Inside Llewyn Davis
"Inside Llewyn Davis" is the most satisfyingly diabolical cinematic structure that the Coens have ever contrived, and that's just one reason that I suspect it…
* This filmography is not intended to be a comprehensive list of this artist’s work. Instead it reflects the films this person has been involved with that have been reviewed on this site.
"Sleepless Night" (103 minutes) is available on demand through various cable systems, Vudu, iTunes and Amazon Instant, starting April 17th. It will be theatrically released in New York and Austin, Texas on May 11, 2012.
by Odie Henderson
A stolen bag of cocaine, a kidnapped kid, corrupt cops, a shaky camera and a dance club the size of a Super Walmart configure Frederic Jardin's "Sleepless Night," a frenetic French action film that will either get your heart or your head pounding. This is a relentless genre exercise, both exhilarating and exhausting. Its numerous showdown set pieces feature foes in gun battles, foot chases and fisticuffs. Our protagonist uses whatever's handy to subdue his opponents: People's noggins get hit with doors, bread, dishes, bullets and the cleanest part of the commode. Gendarmes go from corrupt to virtuous and vice versa, film speeds vary from slow motion to sped up, and narrow escapes coexist with near-misses. With this much activity, sensory overload is all but guaranteed.
Vincent (French comedian Tomer Sisley) is a corrupt cop who begins his day by robbing 10 kilos of cocaine from the henchmen of José Marciano (Serge Riaboukine). Marciano's godson is shot, but not before Vincent is stabbed and both he and his partner are seen by one of Marciano's men. Marciano knows who robbed him, and he also knows Vincent's son, Thomas, would make a great bargaining chip for the return of his yayo. The gangster kidnaps Vincent's son and demands the exchange be made at Marciano's restaurant-slash-dance club, Le Tarmac.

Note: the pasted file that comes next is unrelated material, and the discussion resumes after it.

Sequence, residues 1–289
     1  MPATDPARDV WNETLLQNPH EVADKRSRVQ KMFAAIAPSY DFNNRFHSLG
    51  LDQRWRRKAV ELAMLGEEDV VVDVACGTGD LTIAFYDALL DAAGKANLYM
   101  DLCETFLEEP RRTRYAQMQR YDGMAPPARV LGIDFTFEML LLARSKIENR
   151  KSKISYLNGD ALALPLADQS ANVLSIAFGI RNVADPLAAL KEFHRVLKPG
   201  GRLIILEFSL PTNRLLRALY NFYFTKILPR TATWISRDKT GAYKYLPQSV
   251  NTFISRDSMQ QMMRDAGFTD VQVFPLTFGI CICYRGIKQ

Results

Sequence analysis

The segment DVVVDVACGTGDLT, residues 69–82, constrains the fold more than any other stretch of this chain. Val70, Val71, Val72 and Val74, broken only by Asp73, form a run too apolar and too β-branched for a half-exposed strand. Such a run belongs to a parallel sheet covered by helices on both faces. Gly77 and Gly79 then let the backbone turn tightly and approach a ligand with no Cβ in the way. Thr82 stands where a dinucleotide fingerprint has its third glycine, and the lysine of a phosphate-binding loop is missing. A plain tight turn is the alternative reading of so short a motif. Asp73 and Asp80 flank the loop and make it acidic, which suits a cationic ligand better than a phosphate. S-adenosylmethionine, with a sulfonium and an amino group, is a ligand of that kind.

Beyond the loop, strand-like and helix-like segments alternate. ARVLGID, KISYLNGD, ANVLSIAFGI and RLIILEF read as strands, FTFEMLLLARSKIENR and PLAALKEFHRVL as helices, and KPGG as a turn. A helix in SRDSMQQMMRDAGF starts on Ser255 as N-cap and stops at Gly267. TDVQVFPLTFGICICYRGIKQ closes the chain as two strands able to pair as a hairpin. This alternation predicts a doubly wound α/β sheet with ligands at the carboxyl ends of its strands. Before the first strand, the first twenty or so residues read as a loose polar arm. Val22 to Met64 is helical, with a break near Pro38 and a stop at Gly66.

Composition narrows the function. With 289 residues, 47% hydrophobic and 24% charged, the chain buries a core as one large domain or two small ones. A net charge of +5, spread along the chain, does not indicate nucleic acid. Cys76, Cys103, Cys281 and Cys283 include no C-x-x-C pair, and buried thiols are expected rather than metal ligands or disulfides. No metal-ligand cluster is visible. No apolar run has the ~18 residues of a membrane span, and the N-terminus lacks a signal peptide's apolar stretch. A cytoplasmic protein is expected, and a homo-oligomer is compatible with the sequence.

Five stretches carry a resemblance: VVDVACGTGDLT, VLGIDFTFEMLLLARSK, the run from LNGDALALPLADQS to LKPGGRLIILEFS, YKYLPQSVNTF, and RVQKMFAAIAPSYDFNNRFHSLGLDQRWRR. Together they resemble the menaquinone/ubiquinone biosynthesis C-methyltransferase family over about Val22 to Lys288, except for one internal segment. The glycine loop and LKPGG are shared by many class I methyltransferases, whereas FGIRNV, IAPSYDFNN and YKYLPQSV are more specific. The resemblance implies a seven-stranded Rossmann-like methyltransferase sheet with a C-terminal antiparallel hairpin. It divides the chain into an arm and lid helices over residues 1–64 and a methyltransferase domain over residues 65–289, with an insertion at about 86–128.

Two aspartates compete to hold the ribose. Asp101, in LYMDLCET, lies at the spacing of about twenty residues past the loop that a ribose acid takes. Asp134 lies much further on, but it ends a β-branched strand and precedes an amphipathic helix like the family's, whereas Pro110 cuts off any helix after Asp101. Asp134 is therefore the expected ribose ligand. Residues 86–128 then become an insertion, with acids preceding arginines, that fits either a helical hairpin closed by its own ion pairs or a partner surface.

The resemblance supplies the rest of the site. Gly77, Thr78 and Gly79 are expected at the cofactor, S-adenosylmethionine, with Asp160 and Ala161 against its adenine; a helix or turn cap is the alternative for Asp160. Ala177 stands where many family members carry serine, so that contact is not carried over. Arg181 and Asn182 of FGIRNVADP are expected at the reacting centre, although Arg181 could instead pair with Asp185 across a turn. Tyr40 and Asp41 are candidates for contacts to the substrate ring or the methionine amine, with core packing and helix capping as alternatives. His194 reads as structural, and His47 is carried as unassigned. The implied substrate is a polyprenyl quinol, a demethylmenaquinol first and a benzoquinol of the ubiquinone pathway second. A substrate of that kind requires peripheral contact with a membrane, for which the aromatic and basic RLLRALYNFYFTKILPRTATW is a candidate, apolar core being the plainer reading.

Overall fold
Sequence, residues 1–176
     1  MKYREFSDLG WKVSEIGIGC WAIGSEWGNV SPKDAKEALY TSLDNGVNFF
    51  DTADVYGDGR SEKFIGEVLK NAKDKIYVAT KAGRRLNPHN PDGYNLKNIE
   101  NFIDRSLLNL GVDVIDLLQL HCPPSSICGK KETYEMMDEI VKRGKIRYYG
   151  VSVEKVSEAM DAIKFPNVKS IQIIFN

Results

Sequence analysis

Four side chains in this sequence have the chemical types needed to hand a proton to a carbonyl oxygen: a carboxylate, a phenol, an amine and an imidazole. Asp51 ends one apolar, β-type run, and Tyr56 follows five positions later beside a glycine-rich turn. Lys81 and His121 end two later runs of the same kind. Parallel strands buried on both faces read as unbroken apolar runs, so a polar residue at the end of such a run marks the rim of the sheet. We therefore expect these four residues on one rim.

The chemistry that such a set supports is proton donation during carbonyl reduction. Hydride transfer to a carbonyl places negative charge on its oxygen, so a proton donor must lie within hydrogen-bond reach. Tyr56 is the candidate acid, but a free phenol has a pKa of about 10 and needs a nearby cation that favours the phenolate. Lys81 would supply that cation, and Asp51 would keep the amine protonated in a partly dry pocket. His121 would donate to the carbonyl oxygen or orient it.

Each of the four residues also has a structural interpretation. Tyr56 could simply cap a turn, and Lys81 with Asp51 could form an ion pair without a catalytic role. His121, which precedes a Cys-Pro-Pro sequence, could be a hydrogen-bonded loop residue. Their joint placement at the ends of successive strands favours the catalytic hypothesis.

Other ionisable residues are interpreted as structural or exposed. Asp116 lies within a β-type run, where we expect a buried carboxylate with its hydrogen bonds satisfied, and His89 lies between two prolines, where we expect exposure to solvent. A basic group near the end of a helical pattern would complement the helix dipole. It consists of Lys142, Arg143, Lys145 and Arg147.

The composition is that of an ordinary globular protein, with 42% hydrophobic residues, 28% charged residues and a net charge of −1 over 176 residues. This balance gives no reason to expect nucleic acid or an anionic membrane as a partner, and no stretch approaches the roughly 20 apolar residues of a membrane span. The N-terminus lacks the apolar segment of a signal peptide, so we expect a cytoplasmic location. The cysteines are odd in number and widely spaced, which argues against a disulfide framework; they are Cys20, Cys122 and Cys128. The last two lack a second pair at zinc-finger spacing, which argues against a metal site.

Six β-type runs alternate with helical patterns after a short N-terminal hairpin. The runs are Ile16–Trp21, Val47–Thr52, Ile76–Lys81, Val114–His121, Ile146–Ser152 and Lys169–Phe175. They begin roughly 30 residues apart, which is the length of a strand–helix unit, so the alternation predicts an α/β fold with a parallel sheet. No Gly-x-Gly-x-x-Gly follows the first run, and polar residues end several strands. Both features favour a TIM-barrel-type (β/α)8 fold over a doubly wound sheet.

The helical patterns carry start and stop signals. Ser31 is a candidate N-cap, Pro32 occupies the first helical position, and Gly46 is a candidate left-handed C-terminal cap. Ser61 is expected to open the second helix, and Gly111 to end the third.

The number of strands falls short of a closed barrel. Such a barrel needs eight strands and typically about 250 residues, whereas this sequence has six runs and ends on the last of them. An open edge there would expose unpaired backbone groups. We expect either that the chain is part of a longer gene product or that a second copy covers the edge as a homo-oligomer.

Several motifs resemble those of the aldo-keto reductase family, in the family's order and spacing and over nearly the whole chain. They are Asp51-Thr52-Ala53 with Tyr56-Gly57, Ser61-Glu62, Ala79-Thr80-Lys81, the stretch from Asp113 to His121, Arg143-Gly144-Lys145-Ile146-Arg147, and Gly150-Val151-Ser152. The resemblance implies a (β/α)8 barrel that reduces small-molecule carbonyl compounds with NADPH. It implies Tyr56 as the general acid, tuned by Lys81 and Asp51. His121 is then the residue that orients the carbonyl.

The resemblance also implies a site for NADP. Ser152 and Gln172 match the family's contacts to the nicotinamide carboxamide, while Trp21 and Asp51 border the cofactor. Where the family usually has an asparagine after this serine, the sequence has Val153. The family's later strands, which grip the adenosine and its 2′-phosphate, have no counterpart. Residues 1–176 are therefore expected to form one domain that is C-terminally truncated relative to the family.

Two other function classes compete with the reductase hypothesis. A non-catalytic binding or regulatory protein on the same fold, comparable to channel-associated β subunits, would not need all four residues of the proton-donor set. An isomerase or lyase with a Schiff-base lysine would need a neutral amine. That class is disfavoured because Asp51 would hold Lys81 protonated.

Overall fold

It's a sunny, unseasonable 80 degrees as the 2012 Santa Barbara International Film Festival kicks in, but all I want is to be indoors. When you peer at a schedule listing nearly 200 films jammed into 10 days, and you just can't wait, you know you're an addict. This is my third SBIFF so I recognize the signs.
Suddenly each January, there's an extra bustle in this appealing, laid-back town. Downtown on lower State Street, trucks appear bearing vivid banners, soon to be festooned overhead. Special lights and rigging go up at 2 central venues - the precisely restored, historic Lobero and Arlington Theatres. Locals watch to see whether Festival Director Roger Durling changes his hair: one year it was spikey, another year purple. This time it's rather like Heathcliff - longer, romantic.
In a startling upset, "The Dark Knight" failed to make the cut in the Best Picture category Thursday, as this year's Academy Awards nominees were announced. The Batman drama, second top-grossing film of all time after "Titanic," was also a critical favorite and looked to many like a shoo-in.